My diamond was the most beautiful thing I’d ever seen – prominent and sparkling, princess cut and clear as the sky that I watched from our roof day after day, always looking up for answers. The infinite blue above me was silent, and yet, somehow, someone, or something, spoke to me in a familiar rhythm that rang like truth but I couldn’t bear to listen. Yes, this is love, I told myself. I told myself lots of things that summer. The wind picked up and the waves crashed down.
One Friday night in August, I wore a white linen skirt with a black and white top that revealed my ribs and dwindling cleavage. Clothes are such emotional things and I had always loved them. The previous year, after Fred let me leave my job along with all my angst behind, I replaced my heavy black suits with vibrant accoutrements of pink, red and blue. I was among the happiest of brides-to-be, and happiness comes in colors. Something else comes in black and white.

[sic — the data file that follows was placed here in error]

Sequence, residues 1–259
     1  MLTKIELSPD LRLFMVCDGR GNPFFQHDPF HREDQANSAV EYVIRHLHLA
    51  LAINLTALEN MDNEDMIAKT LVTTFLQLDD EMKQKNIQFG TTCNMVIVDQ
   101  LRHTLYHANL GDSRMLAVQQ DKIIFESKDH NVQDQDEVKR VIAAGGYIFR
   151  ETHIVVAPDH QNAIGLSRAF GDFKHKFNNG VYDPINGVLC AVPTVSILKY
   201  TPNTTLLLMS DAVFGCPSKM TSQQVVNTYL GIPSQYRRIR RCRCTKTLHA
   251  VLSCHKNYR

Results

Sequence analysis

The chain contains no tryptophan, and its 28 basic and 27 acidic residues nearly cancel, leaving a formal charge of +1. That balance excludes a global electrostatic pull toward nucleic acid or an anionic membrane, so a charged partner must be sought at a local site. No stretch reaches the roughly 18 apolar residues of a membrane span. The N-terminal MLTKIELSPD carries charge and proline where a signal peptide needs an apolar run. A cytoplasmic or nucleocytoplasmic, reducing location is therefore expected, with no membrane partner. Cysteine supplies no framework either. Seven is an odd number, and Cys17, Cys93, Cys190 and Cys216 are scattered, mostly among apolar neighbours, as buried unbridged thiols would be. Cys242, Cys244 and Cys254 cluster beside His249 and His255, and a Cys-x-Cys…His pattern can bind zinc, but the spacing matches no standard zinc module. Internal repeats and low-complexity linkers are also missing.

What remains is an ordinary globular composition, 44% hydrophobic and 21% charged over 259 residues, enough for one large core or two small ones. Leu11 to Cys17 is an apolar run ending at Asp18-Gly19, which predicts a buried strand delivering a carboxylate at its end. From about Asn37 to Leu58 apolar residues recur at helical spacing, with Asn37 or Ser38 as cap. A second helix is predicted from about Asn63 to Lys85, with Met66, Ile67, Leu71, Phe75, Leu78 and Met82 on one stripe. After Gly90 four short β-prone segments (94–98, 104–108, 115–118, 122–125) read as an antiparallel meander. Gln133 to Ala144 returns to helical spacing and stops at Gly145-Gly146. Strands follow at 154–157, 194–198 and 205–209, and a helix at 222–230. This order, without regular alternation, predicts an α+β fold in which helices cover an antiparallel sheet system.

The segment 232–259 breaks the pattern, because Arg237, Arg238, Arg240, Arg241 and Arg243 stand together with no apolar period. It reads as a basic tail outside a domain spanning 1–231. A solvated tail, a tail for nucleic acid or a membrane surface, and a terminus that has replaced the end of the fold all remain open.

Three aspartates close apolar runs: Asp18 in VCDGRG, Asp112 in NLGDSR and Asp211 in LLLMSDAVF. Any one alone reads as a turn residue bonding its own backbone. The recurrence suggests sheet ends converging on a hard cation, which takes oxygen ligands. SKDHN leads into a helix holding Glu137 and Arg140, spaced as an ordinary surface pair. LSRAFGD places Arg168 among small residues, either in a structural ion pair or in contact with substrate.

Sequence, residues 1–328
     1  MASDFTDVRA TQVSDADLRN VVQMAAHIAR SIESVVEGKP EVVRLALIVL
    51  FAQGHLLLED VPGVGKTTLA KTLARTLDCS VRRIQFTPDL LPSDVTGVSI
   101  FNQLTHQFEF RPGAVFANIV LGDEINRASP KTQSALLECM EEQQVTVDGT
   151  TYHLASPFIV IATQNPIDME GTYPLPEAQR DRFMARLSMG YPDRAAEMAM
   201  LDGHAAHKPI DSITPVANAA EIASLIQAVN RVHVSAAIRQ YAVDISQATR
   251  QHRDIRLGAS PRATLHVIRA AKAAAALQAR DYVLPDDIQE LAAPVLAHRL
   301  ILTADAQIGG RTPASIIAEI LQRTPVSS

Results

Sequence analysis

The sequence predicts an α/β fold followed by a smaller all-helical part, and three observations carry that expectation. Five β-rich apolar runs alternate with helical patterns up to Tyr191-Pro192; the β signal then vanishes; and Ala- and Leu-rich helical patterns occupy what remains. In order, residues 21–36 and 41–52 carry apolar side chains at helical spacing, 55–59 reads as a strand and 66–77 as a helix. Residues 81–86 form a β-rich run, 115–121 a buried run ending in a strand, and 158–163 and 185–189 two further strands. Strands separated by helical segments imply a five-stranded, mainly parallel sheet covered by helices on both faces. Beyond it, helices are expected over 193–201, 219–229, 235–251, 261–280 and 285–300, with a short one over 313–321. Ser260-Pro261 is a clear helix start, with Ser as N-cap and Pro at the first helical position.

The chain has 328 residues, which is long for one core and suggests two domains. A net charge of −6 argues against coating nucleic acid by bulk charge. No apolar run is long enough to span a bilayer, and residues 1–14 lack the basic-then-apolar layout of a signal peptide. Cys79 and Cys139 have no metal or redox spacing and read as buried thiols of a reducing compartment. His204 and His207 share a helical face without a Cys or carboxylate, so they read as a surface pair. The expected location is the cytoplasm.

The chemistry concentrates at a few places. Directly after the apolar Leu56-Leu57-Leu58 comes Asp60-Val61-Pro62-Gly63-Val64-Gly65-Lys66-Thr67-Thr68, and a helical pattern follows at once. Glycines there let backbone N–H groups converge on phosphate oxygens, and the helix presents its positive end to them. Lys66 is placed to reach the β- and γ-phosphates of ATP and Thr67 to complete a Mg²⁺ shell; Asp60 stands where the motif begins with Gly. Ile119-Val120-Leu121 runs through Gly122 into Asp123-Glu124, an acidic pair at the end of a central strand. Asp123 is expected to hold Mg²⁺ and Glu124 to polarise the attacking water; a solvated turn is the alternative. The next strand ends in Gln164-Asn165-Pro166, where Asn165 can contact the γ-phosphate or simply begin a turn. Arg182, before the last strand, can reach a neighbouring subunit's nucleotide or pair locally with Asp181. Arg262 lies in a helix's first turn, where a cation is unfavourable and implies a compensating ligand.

I was meeting Fred and another couple for dinner, friends of ours. “Ours.” I paused and mulled the word over. Its definition escaped me. Fred was working late, of course, and would meet me there. Ryan offered to pick me up (Meghan, Ryan’s girlfriend, was also working late), and I accepted, thinking nothing of it. Thinking nothing. When we arrived, Fred was already there and Meghan was standing by his side. I blinked at the image.